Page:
What makes the game so frustrating is that lower graphics actually take away from the experience! The game is telling me that it is winter now, but when I go outside, it seems like a fine day. Then when I maxed out the settings again, snow started to fall! In the end, I’m applying a workaround to my system issues while trying to enjoy a game and this would definitely take away from the experience. I might even buy this on the console…
Yet with my misadventures in Divinity 2 for PS4, I realized that isometric games are best played on the PC. There’s just this organic way how you can hover your mouse on assets and it expands your world. The controls on PS4 take away from the experience and the loading times delays momentum. I feel that if there’s a console I’ll probably enjoy this, it would be on the Nintendo Switch as it has touchscreen functions that would take the place of the mouse.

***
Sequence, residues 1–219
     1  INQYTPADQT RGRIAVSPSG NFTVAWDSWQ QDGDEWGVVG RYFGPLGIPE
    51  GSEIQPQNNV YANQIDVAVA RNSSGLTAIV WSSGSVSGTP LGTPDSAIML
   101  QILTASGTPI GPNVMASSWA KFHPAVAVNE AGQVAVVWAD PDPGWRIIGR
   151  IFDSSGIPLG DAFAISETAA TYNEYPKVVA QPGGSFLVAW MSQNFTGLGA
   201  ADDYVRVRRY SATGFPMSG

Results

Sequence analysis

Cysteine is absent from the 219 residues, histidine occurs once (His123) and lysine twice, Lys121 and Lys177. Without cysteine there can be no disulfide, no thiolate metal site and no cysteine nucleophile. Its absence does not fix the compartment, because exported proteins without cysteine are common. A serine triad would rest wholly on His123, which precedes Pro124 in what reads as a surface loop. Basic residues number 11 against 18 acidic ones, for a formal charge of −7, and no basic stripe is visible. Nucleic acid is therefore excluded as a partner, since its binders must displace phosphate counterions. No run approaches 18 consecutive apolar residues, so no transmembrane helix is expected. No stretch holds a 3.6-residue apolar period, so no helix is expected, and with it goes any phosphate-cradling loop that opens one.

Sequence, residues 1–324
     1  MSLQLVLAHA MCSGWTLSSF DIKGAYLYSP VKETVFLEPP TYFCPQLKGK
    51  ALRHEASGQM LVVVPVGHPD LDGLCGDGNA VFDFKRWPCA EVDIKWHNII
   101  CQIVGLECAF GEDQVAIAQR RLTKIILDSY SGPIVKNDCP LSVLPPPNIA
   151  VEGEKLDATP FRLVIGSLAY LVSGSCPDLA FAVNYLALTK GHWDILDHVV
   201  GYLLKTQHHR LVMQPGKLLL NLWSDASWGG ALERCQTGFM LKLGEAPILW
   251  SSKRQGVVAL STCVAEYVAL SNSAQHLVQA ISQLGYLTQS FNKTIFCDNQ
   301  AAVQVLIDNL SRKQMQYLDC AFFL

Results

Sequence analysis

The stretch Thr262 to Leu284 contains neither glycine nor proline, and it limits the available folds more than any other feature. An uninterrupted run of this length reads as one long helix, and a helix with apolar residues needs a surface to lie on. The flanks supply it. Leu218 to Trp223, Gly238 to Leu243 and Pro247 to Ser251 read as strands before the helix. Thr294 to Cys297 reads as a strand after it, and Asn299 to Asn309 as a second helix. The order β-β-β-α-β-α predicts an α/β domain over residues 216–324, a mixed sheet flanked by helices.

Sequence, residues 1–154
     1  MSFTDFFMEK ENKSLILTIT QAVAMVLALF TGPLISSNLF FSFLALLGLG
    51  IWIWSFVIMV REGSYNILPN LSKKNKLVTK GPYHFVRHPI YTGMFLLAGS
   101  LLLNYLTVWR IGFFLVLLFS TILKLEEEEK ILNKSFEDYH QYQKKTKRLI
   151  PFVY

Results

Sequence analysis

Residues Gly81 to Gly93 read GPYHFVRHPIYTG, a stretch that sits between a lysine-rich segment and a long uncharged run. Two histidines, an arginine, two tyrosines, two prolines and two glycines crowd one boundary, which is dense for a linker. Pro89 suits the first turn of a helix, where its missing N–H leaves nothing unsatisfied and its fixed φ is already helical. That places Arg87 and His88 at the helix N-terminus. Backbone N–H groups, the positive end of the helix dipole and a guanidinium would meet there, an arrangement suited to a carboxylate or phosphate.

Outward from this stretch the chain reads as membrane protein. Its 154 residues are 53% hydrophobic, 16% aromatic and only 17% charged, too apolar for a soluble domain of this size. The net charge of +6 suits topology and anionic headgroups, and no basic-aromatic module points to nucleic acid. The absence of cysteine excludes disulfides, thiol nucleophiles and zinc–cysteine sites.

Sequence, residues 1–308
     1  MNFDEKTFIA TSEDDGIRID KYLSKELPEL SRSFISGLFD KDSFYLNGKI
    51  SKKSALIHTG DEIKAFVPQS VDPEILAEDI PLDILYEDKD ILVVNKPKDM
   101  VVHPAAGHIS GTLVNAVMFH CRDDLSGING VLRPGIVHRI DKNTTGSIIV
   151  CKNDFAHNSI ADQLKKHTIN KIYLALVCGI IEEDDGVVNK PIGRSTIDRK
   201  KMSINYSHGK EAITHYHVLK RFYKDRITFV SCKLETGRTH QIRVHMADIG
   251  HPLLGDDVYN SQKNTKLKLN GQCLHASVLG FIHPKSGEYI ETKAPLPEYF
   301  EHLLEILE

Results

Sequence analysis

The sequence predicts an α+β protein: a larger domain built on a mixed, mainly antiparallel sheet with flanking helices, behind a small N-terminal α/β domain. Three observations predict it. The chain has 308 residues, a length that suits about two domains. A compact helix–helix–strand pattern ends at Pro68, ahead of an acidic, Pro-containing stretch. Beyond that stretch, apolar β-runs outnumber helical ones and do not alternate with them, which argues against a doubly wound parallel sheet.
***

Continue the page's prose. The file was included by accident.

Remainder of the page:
Disco Elysium is quite the treat and is one that really spoke to me. It isn’t for everyone, but it is for someone who loves a good story behind the games they play. If you love isometric adventures with hard RPG elements and witty dialogue, Buy it, it’ll be worth your time. Wait For It if you don’t quite have the time right now and still want to see what the hype is all about. Avoid It if you like your games with less reading and more fast paced action.